Guest post by Josh Combs, UW-W alumni and Military Liason for Aerotek.
As the overall unemployment rate for veterans hovers around 9.3%, a significant decrease from November 2011, it is still astonishing to look at the unemployment rates for the National Guard (Army and Air) and the Reserve components, reaching as high as a staggering 17%. Now I’m not naive to think that all 17% of these individuals are hard charging, readily employable people, but I would like to think at the very least half of them are.
As service members in the Guard and Reserve see these statistics they are rightfully woeful in looking at the job market. And what these trepidations have done for some is something that I am embarrassed about as an employer and enraged about as a veteran – individuals are excluding their military experience from their resumes and are not bringing it up during an interview. Guard and Reserve service members are worried that a potential activation or a deployment will deter companies from hiring them.
As an employer, let me clearly say that you should make your military experience a prominent part of your resume and speak about it during your interviews.
Every member of the military, through their own free will or by situation necessity, has led at some point. If you are an NCO (a non-commissioned officer), one of the main responsibilities entrusted in you is to develop and mentor those you lead. As a Senior NCO it is your responsibility to ensure mission success at all cost. Even as a junior enlisted you must always be aware of what your fellow Soldier, Sailor, Airman or Marine is doing around you, as your life and your mission depends on it.
If you are among the commissioned ranks, you’ve had 5,000-5,500 people looking at you for leadership. This leadership is not only wanted in the civilian job market, it is absolutely needed. Be sure to explain your leadership roles in the military in your resume.
Performance Under Pressure
Every day, CONUS or OCONUS (Continential United States or Outside Continential United States) service members are under pressure to accomplish a mission or task. The pressure comes in a variety of ways, from pressure above you in the chain of command, to pressure from the enemy, as well as the pressure we put on ourselves to succeed. In the “real world” the pressure may be coming from your boss, your direct reports, or your clients. Employers want and need to know that the individuals they choose to lead their organization into the future can handle the day-to-day pressures of the job.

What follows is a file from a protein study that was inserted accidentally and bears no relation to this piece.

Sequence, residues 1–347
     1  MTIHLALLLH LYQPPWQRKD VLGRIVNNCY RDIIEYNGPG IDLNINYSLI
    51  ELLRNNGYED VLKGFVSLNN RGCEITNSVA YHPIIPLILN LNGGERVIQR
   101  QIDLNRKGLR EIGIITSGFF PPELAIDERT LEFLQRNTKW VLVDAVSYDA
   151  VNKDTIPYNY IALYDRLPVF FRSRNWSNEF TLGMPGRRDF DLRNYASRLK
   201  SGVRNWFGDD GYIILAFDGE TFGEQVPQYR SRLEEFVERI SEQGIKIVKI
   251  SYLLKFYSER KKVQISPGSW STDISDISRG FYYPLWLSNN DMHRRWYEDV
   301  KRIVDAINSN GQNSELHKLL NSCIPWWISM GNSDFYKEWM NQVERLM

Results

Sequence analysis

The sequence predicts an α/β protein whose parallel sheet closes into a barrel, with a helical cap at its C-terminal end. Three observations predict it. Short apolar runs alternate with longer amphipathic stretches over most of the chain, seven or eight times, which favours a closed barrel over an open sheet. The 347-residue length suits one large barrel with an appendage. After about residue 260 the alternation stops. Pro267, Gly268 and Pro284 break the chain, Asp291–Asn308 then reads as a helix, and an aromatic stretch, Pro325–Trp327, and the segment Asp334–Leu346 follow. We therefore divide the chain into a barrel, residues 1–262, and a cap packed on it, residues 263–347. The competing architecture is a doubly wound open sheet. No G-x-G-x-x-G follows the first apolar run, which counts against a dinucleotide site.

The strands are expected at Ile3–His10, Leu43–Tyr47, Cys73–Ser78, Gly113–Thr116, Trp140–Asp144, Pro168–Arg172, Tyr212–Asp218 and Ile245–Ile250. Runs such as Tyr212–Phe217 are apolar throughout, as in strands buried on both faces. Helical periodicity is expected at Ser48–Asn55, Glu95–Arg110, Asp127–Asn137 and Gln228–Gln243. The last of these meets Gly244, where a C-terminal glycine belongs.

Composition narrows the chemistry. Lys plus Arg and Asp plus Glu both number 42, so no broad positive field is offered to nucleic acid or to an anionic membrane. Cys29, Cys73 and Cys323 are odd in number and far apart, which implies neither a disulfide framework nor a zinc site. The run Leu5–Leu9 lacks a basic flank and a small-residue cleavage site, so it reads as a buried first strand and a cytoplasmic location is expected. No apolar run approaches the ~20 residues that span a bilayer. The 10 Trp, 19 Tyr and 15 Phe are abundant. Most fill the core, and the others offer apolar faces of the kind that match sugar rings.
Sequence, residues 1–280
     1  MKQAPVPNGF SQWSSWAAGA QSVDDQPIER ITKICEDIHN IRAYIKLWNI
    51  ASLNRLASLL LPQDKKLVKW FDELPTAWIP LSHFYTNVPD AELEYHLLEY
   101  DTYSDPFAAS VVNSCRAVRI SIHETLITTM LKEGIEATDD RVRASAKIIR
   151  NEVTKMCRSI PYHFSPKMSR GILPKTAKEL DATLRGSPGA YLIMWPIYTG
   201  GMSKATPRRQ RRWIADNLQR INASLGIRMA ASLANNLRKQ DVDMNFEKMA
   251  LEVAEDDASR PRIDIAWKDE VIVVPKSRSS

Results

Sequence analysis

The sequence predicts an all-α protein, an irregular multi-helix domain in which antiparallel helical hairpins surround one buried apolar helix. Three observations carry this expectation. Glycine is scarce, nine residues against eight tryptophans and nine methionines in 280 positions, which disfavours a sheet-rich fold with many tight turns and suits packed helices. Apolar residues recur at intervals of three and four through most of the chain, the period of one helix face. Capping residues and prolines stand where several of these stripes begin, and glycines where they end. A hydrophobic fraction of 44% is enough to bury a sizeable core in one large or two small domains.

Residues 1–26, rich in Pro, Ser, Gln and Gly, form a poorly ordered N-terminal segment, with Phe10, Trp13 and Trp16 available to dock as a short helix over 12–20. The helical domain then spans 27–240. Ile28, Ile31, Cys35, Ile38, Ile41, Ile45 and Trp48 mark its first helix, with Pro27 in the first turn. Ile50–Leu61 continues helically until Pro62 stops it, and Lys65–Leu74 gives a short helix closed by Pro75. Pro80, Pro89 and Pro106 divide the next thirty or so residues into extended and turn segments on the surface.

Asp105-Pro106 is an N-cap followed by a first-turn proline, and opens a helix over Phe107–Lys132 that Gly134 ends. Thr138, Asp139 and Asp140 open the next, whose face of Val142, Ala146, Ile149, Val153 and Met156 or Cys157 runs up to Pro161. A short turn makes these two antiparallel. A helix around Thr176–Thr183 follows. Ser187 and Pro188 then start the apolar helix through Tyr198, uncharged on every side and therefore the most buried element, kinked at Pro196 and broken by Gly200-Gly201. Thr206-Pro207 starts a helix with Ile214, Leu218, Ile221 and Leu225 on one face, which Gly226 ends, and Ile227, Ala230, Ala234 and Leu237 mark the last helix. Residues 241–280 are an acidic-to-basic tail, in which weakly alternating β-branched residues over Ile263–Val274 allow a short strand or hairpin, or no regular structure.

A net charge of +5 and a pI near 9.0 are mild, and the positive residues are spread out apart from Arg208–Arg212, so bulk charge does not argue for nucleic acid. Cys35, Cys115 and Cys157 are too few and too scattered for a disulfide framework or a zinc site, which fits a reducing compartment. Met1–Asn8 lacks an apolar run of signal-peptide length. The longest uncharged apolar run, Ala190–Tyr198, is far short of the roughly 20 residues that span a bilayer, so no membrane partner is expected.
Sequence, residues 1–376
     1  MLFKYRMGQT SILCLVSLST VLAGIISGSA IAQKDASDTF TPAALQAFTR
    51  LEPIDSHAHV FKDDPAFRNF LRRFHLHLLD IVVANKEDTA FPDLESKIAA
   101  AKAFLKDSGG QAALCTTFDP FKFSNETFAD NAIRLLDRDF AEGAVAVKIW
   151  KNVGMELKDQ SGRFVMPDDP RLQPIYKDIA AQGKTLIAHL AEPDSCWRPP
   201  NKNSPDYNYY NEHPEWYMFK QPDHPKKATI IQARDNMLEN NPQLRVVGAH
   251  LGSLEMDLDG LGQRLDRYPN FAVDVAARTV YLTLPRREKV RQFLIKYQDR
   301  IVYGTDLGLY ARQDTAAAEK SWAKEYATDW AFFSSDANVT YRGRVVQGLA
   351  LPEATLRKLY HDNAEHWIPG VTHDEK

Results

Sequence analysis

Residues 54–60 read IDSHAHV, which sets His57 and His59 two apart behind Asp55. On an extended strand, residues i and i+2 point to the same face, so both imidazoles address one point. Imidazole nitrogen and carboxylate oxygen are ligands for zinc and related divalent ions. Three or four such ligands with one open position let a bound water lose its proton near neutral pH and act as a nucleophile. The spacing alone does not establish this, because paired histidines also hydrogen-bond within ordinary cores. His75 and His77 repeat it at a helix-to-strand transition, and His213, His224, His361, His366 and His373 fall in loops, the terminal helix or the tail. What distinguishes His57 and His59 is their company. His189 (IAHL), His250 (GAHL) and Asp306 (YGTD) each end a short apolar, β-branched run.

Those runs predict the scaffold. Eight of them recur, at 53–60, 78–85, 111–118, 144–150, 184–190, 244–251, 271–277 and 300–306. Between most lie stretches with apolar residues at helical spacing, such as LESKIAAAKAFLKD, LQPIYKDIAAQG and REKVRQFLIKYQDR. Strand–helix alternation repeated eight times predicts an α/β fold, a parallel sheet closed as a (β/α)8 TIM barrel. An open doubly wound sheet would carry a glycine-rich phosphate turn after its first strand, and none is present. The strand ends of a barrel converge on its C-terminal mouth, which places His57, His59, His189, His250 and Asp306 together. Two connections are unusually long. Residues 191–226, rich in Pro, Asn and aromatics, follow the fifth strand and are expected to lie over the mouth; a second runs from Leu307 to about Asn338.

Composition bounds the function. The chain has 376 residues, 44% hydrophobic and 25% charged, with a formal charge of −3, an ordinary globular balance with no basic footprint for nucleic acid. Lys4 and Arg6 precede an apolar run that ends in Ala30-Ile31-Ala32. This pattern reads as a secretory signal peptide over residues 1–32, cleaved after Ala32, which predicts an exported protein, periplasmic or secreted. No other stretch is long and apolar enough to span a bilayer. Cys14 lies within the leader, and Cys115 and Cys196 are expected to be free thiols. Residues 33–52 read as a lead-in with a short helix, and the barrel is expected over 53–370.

Critical Thinking and Decision Making
We have all been faced with decisions in the military that can have a major impact on our mission. The decisions that we make not only affect ourselves, but also those who look to us in a time of distress. Our training and our ethos allow us to make these decisions with pinpoint accuracy to ensure that we stay on task and on target. As a civilian employee, you will be forced to make business decisions every day that will impact the people in your organizations. Your employer will need to know that you can make these decisions while thinking not only of your own well-being, but that of your employees, company, and clients.
These three traits just scratch the surface of what has been developed in every veteran and each of these traits are directly transferable to the civilian job market. Do not hide these abilities; be prepared to speak about them in specific detail. Do not think of your experience as something that will hinder your job search, rather, think of your experience as enriching, and something that will lead you to a fulfilling career.
You are among a very exclusive group. You have answered the call to serve your country, and you have written a check to the people of this country payable up to and including the ultimate sacrifice. Highlight this when seeking the next challenge in your life. And if you find yourself in front of somebody questioning the values that you bring with you background, ask yourself “Is this the right place for me?” Be proud to be a veteran. You have earned the title.
Josh Combs is a 2006 graduate of the University of Wisconsin-Whitewater with a Bachelor of Arts degree in Organizational Communication. He currently works as Military Liaison for Aerotek, the nation’s largest privately held staffing firm. His job is to help service members make the transition from the military to the civilian workforce successfully. Josh lives and works in the Chicago suburbs and travels across the country in this effort. He has served in the Wisconsin Air National Guard, 115th Fighter Wing since 1999. He has deployed multiple times in support of OIF and continues to serve to date.